Orthodoxy, Liberalism, and Adaptation

Essays on Ways of Worldmaking in Times of Change from Biblical, Historical and Systematic Perspectives


How does religion cope with changing situations? Are orthodoxy and liberalism really competing strategies? The essays in this volume argue three views. (1)Orthodoxy is not to be seen as the real and original form of a given religion, but as an idealized original form that should be construed as a construction in reaction to changes in time. (2) Over the ages, liberalism – despite its laudable strive for adaptation – has been less successful than generally assumed. This lesson from history can be quite important in view of the adaptation processes for Muslims in Western Europe. (3) Of great importance for the survival of religion seems to be a clear definition of the boundaries of religiously informed practices and ethics. Their recognisability and authenticity shall – when combined with a due lack of obtrusion – be of great influence for the ongoing acceptance of religion(s) in the public domain.

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Bob Becking, Ph.D. (1985) in Theology, Utrecht University, is Senior Research Professor for Bible, religion and Identity at the Faculty of Humanities of Utrecht University. He published extensively on the history of the religion in Ancient Israel and on questions concerning the interpretation of the Hebrw Bible. He was one of the Editors of the Dictionary of Deities and Demons in the Bible (Brill, 1999)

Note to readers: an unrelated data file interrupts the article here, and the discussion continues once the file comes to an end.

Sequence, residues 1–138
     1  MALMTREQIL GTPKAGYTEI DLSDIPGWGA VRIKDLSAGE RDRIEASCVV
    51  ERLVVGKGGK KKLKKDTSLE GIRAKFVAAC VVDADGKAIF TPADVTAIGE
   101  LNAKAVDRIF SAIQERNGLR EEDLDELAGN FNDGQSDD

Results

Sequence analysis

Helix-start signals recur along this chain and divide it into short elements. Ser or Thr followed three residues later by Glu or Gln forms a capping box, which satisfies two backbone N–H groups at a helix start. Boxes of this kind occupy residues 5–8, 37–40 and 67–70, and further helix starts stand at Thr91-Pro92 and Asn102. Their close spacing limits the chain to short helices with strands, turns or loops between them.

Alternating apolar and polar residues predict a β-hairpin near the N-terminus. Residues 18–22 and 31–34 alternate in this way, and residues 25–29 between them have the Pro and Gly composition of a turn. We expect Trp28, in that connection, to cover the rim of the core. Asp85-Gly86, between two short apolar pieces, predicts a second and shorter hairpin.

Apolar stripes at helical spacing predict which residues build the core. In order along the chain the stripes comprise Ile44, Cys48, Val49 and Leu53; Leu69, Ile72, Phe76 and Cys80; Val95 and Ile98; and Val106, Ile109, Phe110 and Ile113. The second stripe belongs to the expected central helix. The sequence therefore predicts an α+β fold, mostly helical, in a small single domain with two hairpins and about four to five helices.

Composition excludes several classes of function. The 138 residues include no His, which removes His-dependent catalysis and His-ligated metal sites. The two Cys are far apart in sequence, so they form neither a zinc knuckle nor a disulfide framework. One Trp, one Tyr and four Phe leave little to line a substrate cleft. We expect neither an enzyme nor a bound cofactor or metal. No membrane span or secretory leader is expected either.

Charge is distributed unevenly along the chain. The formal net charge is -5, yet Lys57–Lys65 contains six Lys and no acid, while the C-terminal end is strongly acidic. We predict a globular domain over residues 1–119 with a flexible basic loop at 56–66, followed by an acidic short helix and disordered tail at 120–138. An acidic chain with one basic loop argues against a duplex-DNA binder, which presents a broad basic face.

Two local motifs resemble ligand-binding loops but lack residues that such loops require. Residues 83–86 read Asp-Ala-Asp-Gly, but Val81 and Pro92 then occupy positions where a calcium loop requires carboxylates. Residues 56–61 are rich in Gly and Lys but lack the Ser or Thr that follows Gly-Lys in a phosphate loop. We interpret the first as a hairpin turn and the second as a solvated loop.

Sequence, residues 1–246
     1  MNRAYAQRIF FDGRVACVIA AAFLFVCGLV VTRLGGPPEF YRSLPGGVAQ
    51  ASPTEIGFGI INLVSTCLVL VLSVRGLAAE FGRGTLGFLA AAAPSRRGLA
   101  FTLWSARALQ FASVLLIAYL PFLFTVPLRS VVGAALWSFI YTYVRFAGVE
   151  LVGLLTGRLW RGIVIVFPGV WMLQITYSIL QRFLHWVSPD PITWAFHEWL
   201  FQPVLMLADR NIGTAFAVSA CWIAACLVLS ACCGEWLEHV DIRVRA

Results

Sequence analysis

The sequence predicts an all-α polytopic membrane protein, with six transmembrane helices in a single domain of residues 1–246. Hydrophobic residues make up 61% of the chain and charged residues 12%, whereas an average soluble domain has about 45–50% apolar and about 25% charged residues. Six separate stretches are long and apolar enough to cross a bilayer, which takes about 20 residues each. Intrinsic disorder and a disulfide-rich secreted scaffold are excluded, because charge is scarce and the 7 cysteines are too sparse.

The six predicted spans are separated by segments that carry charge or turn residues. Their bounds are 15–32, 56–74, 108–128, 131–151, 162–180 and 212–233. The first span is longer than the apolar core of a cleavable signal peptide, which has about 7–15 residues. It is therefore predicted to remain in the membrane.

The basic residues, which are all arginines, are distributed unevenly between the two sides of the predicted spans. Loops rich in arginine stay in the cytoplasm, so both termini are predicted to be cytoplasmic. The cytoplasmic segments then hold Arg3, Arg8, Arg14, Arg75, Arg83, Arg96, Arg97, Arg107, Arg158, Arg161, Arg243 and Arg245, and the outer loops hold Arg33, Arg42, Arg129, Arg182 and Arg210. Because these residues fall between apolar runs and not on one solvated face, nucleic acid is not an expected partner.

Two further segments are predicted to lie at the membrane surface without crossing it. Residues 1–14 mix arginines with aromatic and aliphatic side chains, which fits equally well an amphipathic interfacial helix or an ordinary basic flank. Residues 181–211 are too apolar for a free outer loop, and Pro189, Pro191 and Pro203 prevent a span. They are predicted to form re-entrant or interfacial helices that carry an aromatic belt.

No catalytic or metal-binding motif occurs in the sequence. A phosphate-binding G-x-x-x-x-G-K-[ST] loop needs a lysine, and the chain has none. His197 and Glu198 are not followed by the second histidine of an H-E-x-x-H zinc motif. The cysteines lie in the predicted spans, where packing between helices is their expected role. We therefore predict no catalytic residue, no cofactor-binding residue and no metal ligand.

Introduction: Why This Volume
Bob Becking (Utrecht University)

Chapter One: Religious Orthodoxy as a Modality of “Adaptation”
Staf Hellemans (Tilburg University)

Part II

Chapter Two: Does an Exclusive Veneration of God Necessarily Have to Be Violent? Israel’s Stony Way to Monotheism and Some Theological Consequences
Rainer Albertz (University of Münster)

Chapter Three: Coping with Violence in the Bible: A Response to Rainer Albertz
Jan Willem van Henten (University of Amsterdam)

Chapter Four: “Common Judaism”, “the Parting of the Ways”, and “the Johannine Community”
Adele Reinhartz (University of Toronto)

Part III

Chapter Five: Believing, Belonging, and Adapting. The Case of Religious Modernism
Ernestine van der Wall (Leiden University)

Chapter Six: “When Creed and Morals Rot …”: Orthodoxies versus Liberalisms in the Nineteenth-Century Netherlands Reformed Church
David J. Bos (Utrecht University)

Chapter Seven: Truth, Orthodoxy, and the Nouvelle Théologie: Truth as Issue in a “Second Modernist Crisis” (1946-1950)
Jürgen Mettepenningen (Leuven University)

Part IV

Chapter Eight: Orthodoxy, History and Theology: Recontextualisation and Its Descriptive and Programmatic Features
Lieven Boeve (Catholic University Leuven)

Chapter Nine: Orthopraxis and Being Faithful to One’s Tradition
Peter Jonkers (Tilburg University)

Chapter Ten: Reconstructing the Change from Judaism to Christianity as a Paradigm Shift
Dirk-Martin Grube (Utrecht University)

Chapter Eleven: Christian Fundamentalism as a Reaction to the Enlightenment Illustrated by the Case of Biblical Inerrancy
Marcel Sarot (Utrecht University)

Part V

Chapter Twelve: The Ambivalence of Adaptation and the Ongoing Strength of Religion
Bob Becking (Utrecht University)
All those interested in the interface between religion and society in past and present, historians, sociologists of religion, biblical scholars